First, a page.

Ken Adams is the leading authority on how to say clearly whatever you want to say in a contract. He’s author of A Manual of Style for Contract Drafting, and he offers online and in-person training around the world. He’s also chief content officer of LegalSifter, Inc., a company that combines artificial intelligence and expertise to assist with review of contracts.

13 thoughts on ““Procure” (Focusing on How Australian Drafters Use the Word)”

    • Mark: I’m not comfortable with ensure.

      Saying ensure is the same as saying assure, which suggests suretyship, which suggests that ensure is equivalent to guarantee.

      By contrast, I’d only ever use cause if the action in question is to be taken by an instrumentality (most obviously, a subsidiary) of the party in question. That’s a narrower concept.


      • I have to say I agree with Mark about ‘ensure’ as a better alternative.

        If ‘procure’ is taken to mean ‘will cause something to be done’ (rather than ‘will use best efforts’ as mentioned in a comment above), then ensure fits that purpose exactly and is more easily understood. I don’t know that it goes further than ‘procure’ to suggest guarantee.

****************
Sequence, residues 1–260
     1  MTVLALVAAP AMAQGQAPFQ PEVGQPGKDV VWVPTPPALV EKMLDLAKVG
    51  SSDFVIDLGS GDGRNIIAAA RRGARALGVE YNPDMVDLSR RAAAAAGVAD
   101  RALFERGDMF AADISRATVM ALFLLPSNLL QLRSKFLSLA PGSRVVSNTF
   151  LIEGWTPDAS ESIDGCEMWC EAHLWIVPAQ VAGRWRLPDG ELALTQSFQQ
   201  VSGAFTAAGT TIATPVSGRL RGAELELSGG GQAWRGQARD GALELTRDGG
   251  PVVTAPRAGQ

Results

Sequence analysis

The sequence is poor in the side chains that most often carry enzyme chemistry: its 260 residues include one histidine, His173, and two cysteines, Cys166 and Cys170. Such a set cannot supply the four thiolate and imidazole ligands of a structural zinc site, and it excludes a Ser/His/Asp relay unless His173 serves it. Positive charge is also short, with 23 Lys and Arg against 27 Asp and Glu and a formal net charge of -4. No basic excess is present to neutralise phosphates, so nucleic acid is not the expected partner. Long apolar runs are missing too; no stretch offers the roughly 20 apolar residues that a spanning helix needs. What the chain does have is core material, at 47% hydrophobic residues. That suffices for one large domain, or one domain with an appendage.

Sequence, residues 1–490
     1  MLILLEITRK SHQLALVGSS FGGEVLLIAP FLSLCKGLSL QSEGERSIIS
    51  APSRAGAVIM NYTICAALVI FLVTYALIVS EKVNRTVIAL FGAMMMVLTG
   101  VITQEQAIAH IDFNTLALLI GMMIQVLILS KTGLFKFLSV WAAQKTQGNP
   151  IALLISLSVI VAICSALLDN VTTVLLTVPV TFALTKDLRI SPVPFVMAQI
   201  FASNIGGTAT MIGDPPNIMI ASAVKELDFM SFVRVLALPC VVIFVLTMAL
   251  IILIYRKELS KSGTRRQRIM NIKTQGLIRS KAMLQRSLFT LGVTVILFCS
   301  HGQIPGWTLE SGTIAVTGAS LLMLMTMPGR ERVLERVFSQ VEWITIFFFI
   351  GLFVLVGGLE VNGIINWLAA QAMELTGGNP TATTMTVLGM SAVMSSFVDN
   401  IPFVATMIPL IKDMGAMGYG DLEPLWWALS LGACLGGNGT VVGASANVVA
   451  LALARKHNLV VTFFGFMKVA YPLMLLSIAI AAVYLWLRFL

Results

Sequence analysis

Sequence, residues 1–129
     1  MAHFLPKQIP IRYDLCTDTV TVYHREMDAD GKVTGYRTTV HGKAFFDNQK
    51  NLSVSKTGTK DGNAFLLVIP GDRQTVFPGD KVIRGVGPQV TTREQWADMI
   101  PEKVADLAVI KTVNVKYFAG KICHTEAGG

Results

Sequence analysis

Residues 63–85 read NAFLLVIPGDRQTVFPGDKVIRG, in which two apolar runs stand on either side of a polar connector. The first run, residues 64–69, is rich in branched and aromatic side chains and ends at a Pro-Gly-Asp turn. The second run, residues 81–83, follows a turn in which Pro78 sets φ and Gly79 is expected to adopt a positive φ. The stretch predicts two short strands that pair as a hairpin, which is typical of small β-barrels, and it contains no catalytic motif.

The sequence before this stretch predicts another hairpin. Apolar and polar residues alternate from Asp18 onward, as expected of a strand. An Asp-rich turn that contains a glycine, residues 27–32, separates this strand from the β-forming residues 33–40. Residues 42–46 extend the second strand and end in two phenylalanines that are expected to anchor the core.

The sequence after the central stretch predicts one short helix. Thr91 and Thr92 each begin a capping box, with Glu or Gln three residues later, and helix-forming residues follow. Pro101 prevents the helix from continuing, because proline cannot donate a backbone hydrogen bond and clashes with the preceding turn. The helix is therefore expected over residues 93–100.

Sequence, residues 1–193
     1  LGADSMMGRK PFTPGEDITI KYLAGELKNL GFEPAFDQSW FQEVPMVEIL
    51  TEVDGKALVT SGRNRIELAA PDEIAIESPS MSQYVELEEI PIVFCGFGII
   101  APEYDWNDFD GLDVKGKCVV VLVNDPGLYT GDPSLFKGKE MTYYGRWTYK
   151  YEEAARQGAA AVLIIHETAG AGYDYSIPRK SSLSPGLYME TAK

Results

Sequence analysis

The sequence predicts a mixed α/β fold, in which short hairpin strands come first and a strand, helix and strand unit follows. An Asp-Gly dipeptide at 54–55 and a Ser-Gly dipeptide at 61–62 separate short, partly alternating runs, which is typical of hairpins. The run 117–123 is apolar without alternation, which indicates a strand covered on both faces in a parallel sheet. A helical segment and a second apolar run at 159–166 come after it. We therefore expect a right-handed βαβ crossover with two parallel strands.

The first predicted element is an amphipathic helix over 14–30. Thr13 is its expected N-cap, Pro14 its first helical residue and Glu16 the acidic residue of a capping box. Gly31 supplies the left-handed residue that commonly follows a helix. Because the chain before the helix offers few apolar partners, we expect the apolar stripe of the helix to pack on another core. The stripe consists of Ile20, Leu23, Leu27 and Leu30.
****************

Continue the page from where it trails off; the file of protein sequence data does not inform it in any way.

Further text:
1. As an Australian drafter with a habitual fondness for “shall procure”, I take your point. “Shall cause” is less archaic and is, on that basis, a preferable alternative.

    Without meaning to go over old ground, I’m more comfortable than you are with applying this wording to circumstances in which the person assuming the obligation does not control the person required to take the action or achieve the result (“impossible obligations” as you call them in this blog post:http://www.koncision.com/a-taxonomy-of-impossible-obligations/). To my mind, “shall cause” is an acceptable short-hand way of addressing risk allocation that avoids the arguments that would flow from addressing that allocation through an indemnity or guarantee. Nevertheless, having taken your views on board, I’m trying to favour wording that involves X assuming the risk of something not occuring rather than X assuming an impossible obligation to cause that thing to occur.

  2. On an unrelated note, and leaving the fustiness issues aside, I see that two of the examples you quote above state “The parties [will/must] procure that…”. This seems problematic – if the relevant thing is not procured, who is liable to whom?

    It makes some sense to have all parties subject to the same reasonable endeavours provision, but surely not to an absolute obligation?

  3. I also recently read some Australia prepared contracts and was perplexed by the use of “procure”.  I have been reading Canadian contracts for 25 years and do not remember ever seeing this used in Canada – so Canada is one Commonwealth country that you can scratch off the list as a user of this term.